^ THE undersigned will offer*^^
for sale at auction, TO-MOR-^?
JPW|KOW rSaturday) MORNING -*
. 1 /l.. noar tho Market, ten hoad of liamena
and Saddle HORSES; also, threo MULES.
Terms ?ash. F. M. YOWETT.
State of South Carolina-Richland Co.
IN THE THE COURT OF PROBATE.
By William Huison Wigg, Judge of Probate,
in Richland County.
WHEREAS Charlea H. Miott hath applied
to mo for letters of administration on
tho estate of Robert Caldwell, late of England,
deceased. These are, therefore, to cite and
admonish all and singular tho kindred and
creditors of the said deceased, to ho and ap?
pear before me at a Court of Frobate for the
said County, to be holden at Columbia on the
10th day of March, 1870, at 10 o'clock A. M., to
show cause* if any, why the said administra?
tion should not bo granted.
Given nuder my band and the Soal of the
Court, this 23d day of February, A. D. 1870,
and in the ninety-fourth yoar of American
WILLIAM H?TSON WIGG,
Feb 25 M 8__Judge of Probate.
SITUATIONS for a GOVERNESS, for a
HOUSE-KEEPER and for a CHILD'S
N URSE. Address the
Feb 23 _ Convent, Columbia. 8. C.
Taken Bp, Yesterday,
TWO COWS, ono yellow and tho
other black. The owner can havo
them, by proving property and pay?
ing charges. Apply at this office.
Feb 23 3?
COLUMBIA, S. C., FEBBUABY 22, 1870.
SEALED proposals for finishing tho Stato
Capitol at Columbia, in accordance with
plans and specifications, will bo received until
March 1, by tho Committee of tho Goncral
Assembly on State House Repairs. Specifica?
tions may bo seen by calling upon Gen. J. B?
Dennis, at the office of tho Adjutant and In?
spector Goncral, Columbia, H. C.
J. K. JILSON,
Feb 23 5 Chairman Committee.
DR. JOHN LEVITRE,
PRACTICAL OPERAIOR ON TUE FEET.
CiORNS, Bunions, Nails penetrating tho
J Feet, and all Disoases of tho Feot, scien?
tifically treated, without Pain. ^Ladies can bo
attended at their residences by leaving their
orders at tho office, Columbia Hotel. Con?
sulting honrs, 7 a. m. and 8 p. m. Room No.
20. Dr. Levitre will remain this week only.
Feb 22 _ _ 5*
Cock Fight 1 -Main for $1,000.
Ho* "? Carolina Against North Carolina.
A ' $100 eaoh battle. Thirty-one
Ttm\ Cooks to be shown by each party,
jBL&??k woighinK from four pounds six
Ij^jjgj^ounces lo six pounds six ounces.
-wmtySTni'iK"'- t? 0vDUU6&C<l ?t tho
Ek lJ^Z"chango Cook-pit, in Columbia, S. C.,
^*^31** on TUE8DAY, April 5, 1870. To bo
kept ap four days. Will be fought according
to Turner's Rulos. Fino sport and fair play!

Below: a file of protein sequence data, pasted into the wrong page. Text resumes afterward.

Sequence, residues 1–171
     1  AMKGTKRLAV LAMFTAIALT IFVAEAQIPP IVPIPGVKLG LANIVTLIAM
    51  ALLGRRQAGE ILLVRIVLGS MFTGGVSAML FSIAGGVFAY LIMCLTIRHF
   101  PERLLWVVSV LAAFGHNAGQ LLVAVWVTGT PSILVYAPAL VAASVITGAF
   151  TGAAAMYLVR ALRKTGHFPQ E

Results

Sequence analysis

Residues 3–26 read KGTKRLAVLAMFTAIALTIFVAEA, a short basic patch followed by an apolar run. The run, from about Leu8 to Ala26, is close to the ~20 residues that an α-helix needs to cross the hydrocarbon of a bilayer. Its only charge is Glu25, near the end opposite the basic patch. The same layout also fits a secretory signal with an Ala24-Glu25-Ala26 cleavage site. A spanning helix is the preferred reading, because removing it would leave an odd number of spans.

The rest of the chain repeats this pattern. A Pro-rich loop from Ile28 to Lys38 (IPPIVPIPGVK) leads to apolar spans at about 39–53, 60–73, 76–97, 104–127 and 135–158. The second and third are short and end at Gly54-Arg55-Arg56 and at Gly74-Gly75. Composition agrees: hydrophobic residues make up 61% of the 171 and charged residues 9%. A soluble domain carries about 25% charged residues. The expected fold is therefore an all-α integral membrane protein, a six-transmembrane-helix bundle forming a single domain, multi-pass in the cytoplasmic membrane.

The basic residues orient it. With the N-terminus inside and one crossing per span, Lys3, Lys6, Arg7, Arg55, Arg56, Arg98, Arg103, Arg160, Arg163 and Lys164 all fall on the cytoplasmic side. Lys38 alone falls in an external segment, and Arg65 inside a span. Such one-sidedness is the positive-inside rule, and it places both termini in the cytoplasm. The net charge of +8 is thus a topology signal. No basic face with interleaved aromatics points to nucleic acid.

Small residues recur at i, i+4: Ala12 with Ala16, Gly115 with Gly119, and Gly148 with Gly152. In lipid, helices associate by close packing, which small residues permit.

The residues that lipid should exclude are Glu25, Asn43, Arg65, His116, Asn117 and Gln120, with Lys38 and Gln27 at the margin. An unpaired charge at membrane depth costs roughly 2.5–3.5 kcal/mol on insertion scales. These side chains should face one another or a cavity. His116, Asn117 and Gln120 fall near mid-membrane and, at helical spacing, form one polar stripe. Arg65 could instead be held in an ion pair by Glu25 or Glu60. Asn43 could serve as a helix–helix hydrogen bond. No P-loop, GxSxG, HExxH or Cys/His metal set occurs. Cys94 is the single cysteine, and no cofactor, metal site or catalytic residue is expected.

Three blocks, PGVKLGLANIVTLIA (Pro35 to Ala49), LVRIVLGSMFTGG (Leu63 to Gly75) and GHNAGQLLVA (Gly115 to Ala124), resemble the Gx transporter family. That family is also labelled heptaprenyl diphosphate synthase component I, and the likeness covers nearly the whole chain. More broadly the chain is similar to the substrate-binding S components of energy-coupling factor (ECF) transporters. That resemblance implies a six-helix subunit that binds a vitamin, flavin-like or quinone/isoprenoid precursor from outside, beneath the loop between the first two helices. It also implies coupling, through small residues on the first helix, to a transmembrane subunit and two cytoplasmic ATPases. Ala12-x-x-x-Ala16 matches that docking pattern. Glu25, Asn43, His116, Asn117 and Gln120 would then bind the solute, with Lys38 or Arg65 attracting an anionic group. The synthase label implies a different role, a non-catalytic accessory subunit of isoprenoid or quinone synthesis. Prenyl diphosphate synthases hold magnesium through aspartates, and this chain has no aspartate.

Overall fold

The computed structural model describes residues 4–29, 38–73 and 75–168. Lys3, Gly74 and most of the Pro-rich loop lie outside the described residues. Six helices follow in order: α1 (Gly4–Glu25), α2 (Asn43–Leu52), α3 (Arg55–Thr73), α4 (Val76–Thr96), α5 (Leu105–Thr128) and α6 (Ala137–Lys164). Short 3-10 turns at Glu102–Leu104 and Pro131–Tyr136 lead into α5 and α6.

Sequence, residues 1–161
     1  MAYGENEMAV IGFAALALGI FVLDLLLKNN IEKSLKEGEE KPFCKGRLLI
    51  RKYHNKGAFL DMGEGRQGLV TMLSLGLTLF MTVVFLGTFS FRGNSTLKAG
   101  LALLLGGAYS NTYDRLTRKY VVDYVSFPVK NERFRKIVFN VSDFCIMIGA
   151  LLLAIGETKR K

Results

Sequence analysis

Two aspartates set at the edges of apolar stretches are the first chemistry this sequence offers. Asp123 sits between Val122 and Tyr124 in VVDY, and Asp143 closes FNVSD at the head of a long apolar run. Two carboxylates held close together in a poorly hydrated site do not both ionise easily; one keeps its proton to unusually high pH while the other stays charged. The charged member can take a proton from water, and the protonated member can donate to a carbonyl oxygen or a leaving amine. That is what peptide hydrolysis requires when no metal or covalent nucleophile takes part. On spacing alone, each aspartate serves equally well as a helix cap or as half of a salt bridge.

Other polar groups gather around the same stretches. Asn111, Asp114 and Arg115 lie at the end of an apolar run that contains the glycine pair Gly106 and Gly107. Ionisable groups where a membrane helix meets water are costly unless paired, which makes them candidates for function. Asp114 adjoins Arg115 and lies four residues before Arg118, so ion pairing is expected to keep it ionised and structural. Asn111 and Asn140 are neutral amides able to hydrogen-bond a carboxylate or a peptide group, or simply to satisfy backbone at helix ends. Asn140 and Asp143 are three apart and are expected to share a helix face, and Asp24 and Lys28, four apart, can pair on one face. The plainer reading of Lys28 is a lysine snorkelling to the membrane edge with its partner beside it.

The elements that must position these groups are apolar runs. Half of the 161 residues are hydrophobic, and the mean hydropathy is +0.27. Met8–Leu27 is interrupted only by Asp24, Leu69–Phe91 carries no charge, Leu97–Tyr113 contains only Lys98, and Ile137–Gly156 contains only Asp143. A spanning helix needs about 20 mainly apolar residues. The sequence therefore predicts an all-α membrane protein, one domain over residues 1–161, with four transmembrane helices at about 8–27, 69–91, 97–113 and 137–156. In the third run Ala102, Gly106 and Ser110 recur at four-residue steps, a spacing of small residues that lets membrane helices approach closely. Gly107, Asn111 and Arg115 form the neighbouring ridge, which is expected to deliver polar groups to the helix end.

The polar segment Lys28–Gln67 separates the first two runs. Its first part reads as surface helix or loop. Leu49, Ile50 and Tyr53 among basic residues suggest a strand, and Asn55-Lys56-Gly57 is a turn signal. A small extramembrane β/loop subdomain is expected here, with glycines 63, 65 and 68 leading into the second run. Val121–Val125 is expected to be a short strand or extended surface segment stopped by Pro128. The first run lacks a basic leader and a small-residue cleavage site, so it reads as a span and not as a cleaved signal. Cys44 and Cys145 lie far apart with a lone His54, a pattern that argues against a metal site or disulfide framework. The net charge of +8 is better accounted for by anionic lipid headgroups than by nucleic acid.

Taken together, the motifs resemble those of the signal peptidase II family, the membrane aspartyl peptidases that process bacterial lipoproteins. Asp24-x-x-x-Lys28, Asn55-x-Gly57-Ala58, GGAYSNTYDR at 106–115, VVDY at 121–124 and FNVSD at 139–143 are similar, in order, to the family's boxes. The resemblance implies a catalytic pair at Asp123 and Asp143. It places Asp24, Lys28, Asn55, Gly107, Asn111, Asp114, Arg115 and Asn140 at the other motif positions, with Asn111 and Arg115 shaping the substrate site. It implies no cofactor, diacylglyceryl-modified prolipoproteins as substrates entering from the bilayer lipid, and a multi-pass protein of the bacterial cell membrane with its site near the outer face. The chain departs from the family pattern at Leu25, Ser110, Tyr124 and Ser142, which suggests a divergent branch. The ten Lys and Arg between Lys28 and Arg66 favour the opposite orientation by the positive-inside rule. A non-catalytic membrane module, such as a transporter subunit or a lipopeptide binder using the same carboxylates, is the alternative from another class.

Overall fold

Feb 13 t
THE COLUMBIA CANAL.-We hare been
?, M?or Peafeejjwill '
mhjfe thj) Colombia
MAIL ARRANGEMENTS.-The Northern
wail is opened for delivery at 8 a. m.;
closed at 8.90 a. m. Charleston, opened
at 5.30 p. m.; dosed at 8.30 p. m.
Greenville, opened at 6.80 p. m. ; closed
at 8.30 p. m. Western, opened at 0.80
a. m.; closed at 4 p. m. Ohariestr?,,
(evening,) opened at 8 a. m.; closed nt1
4.30 p. m. On Sunday, the post Office is
open from 9 to 10 a. m.
The Berger Family opened at .Tanney's
Ha?l, last night, to a very complimentary
audience-the house was filled. The en?
tertainment was, in all respects, a rich
treat, and proved a decided success.
The Bergers' excel on the bells. Tho
grand quick step was handsomely exe?
cuted. The most difficult variations on
popular airs are introduced and rendered
with astonishing precision. On every
instrument this accomplished family play
with pleasing effect. The programme
was agreeably varied with vocal music.
M?3S Maud Stanley is a superior vocalist,
and sings with expression and effect.
Hor voice is clear and pure, and espe?
cially so in the upper register, in which
she displayed great power. Sol Smith
Bussell made a great hit with his humor?
ous songs and amusing impersonations.
He has extraordinary command of tho
faoial muscles, and he uses them to so
complotely impersonate a variety of
characters that each is as distinct from
tho* other as all are distinct from Mr.
Bussell himself. Altogether the enter?
tainment is chaste, artistic, varied,
answering the laudable ond of harmless
and healthful amusement.
CKUMBS.-We bave received from E.
Montague Grimke, Secretary of the
Chariest n Froe Schools, a copy of the
annnal report of the Board of Commis?
sioners. Thero are several illustrations